Ice Cream Professional – That’s Me!

Ruth Crilly food blog

Behold the above photograph, which shows two scoops of frozen raspberry yoghurt, freshly churned and beautifully executed. If I may say so myself. You can also see the churning bucket (right of picture) and the rest of the “fro-yo” ready to be popped into the freezer for later. Time taken to make this healthy and delicious treat? Oh, about three minutes. The Cuisinart Ice Cream Professional did the rest of the work!

I’ve had the Ice Cream Pro for a few months now and I’ve made about ten different types of ice-cream and frozen yoghurt – peach, chocolate (amazing), seville marmalade, vanilla, raspberry, and so on. All have turned out spectacularly well! I have used another ice cream maker before (John Lewis) and it was a right faff. You had to freeze the churning bowl, then do something else, then stand on your head for three minutes and sing the national anthem. Only then could you put your ice-cream mix (or “custard”, for those in the know) into the machine. The Cuisinart machine has a built-in freezer so there’s no prep time – just pop your mixture into the bucket and turn the dial!

Now I will say this: the colder your mix is, the better it will turn out. Warm mix doesn’t really produce great results. So, if you’re making an actual ice-cream custard, you have to chill the mixture right down before popping it in to churn. Frozen yoghurt can be poured straight in – you just blitz the fruit, yoghurt and a bit of sugar and it’s ready to go! Depending on what you’re making, the freezing/churning times vary from about 35 minutes to an hour, but if you try to over-do it and set the timer for too long, the machine automatically stops. I thought that this cut-out function would actually turn the machine off, but it doesn’t. (At least, it doesn’t for me!) The mixture gets thicker and more solid until eventually the machine can’t churn it and the whole churner and lid just comes popping off! It then makes a noise like a tractor stuck in the wrong gear until you run over, screaming, and switch it off.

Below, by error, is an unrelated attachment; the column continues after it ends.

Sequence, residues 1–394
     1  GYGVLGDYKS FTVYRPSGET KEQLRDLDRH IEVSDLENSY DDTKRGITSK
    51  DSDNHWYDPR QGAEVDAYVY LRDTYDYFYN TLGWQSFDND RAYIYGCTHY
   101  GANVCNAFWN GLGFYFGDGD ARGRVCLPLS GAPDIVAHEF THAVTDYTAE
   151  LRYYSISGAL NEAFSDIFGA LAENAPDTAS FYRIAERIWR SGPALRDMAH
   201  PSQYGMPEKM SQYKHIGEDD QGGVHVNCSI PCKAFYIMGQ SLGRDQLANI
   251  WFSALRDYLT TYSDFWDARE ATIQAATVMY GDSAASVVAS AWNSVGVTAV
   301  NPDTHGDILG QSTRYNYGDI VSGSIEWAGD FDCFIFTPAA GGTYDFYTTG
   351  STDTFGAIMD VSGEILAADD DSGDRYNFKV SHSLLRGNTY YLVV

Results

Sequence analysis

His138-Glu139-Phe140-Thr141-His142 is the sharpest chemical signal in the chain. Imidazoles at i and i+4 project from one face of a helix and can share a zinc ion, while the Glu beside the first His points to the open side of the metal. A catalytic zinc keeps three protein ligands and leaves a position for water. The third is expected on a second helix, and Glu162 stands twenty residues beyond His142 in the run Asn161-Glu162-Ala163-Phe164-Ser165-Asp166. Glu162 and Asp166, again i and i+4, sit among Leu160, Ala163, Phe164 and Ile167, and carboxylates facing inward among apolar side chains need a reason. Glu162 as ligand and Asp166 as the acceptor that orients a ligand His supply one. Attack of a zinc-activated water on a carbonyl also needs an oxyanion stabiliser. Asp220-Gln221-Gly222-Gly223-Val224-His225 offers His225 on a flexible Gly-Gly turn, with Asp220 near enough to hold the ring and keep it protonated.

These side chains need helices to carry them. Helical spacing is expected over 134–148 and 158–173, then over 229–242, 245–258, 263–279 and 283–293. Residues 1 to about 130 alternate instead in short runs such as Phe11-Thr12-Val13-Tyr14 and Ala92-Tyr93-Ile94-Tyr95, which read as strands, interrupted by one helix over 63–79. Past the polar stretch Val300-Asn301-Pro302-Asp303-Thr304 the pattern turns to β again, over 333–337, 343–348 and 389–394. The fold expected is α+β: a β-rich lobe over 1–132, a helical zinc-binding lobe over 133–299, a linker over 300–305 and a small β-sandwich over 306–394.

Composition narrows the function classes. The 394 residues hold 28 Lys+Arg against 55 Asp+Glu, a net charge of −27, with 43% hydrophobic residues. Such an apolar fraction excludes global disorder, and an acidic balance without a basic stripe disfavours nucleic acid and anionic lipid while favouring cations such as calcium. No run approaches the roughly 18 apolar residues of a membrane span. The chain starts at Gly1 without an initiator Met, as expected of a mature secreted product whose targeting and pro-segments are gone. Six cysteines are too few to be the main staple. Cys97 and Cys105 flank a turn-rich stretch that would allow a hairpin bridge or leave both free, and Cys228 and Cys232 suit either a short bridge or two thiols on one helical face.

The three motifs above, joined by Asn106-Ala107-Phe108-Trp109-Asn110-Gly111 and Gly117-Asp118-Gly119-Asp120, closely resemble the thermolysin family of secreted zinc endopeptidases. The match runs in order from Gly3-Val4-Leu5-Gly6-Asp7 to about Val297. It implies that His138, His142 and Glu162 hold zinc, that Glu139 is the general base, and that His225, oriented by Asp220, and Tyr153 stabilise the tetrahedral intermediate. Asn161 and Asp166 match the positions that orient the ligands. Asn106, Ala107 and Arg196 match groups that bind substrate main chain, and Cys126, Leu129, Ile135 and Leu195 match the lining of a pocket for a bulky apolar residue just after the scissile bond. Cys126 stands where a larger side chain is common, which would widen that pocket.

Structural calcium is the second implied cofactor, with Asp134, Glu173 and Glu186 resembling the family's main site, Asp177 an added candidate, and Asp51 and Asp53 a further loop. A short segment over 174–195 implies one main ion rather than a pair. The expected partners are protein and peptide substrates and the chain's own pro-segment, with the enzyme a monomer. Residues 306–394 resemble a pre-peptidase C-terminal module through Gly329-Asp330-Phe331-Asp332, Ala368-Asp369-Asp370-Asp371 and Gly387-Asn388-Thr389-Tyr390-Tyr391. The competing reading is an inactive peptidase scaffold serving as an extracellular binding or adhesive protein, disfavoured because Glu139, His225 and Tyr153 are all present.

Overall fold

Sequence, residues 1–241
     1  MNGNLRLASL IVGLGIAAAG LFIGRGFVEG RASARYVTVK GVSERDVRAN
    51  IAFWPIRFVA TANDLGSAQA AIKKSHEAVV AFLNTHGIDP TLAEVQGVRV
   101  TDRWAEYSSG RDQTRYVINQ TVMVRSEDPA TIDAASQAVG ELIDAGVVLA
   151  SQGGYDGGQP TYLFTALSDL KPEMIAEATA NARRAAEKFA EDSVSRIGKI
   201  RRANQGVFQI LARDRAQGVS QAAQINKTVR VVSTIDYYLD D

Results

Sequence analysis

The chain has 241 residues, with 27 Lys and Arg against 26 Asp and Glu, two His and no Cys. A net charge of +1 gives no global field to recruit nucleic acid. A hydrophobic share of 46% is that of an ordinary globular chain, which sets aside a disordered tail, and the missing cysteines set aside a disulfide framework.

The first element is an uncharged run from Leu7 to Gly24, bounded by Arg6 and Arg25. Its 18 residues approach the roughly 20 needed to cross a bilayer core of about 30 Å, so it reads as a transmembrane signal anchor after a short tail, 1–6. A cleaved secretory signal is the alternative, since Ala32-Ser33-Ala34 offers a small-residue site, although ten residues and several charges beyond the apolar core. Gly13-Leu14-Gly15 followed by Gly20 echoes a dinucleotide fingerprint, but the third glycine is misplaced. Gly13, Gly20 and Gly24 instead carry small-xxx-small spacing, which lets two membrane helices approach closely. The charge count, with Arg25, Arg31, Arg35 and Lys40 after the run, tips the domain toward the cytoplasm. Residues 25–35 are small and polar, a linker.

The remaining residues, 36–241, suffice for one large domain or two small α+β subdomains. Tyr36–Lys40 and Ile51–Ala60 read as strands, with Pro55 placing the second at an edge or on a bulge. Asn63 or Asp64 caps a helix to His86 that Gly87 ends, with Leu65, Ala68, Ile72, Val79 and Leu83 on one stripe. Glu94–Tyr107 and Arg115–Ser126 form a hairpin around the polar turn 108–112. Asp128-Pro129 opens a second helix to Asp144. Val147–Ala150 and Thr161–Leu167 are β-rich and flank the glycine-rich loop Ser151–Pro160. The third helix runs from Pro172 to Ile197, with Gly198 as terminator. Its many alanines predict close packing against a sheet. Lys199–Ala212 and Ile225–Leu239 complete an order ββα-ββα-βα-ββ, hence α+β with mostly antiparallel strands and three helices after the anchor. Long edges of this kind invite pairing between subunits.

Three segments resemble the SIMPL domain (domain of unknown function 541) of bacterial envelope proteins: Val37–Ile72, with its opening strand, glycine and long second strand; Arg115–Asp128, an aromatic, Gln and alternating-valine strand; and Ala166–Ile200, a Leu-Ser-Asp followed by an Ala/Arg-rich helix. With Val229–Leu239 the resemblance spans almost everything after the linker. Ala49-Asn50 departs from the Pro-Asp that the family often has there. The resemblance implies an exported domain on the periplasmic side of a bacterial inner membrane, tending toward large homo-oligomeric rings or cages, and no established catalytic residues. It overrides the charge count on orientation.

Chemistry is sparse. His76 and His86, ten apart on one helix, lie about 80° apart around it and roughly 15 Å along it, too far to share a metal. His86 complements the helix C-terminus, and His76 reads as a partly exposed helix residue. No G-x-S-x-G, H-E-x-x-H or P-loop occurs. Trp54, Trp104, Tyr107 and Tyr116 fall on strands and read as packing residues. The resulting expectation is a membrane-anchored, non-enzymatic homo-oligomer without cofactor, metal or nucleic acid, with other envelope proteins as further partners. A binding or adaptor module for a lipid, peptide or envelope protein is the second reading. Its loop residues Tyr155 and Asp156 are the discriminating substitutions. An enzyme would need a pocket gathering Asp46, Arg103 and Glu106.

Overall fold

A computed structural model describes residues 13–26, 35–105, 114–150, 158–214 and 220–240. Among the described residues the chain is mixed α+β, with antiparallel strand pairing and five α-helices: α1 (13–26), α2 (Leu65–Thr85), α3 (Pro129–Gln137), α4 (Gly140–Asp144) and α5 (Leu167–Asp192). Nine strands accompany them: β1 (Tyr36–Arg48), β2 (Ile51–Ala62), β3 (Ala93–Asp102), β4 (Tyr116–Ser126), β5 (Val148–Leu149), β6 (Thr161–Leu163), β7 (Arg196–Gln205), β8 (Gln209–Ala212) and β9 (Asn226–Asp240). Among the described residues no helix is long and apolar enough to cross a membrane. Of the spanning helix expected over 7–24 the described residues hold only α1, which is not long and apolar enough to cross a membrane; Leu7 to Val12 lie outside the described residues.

Aside from the noise issue (Mr AMR makes me churn the ice-cream in the laundry/junk room, with the door closed! I can oft be seen ascending/descending the stairs with my pail of ice-cream, like a disgruntled Swiss mountain girl) this machine is pretty darn brilliant. Serving up your own ice-cream concoction at a dinner party is so easy, but it also looks as though you’ve gone to an enormous amount of effort. I’d thoroughly recommend getting one if you like to have people over for dinner, or if you are an ice-cream addict, or if you have a house full of children. Homemade ice-cream has none of the crappy preservatives that most brands have to pump into their recipes in order to make it safe to sell, or last long enough to sell. No artificial flavourings, colourings, additives – just cream, milk, fruit, chocolate, perhaps an egg here or there.. Sugar, of course, but we all know that ice-cream’s not the waistline’s best friend! A little of something good, though, is uplifting for the soul – and better that it’s homemade and fresh.

The RRP for the Cuisinart Pro is £280 but I spy with my little eye… £195.83 at Amazon: Cuisinart Professional Ice Cream Maker

If you want a brilliant, naughty, adults-only recipe book, then I’ve been using this brilliant one: The Icecreamists: Vice Creams, Ice Cream Recipes & Other Guilty Pleasures

If you want to see me making Peach Frozen Yoghurt, then have a look at my recent cookery video!

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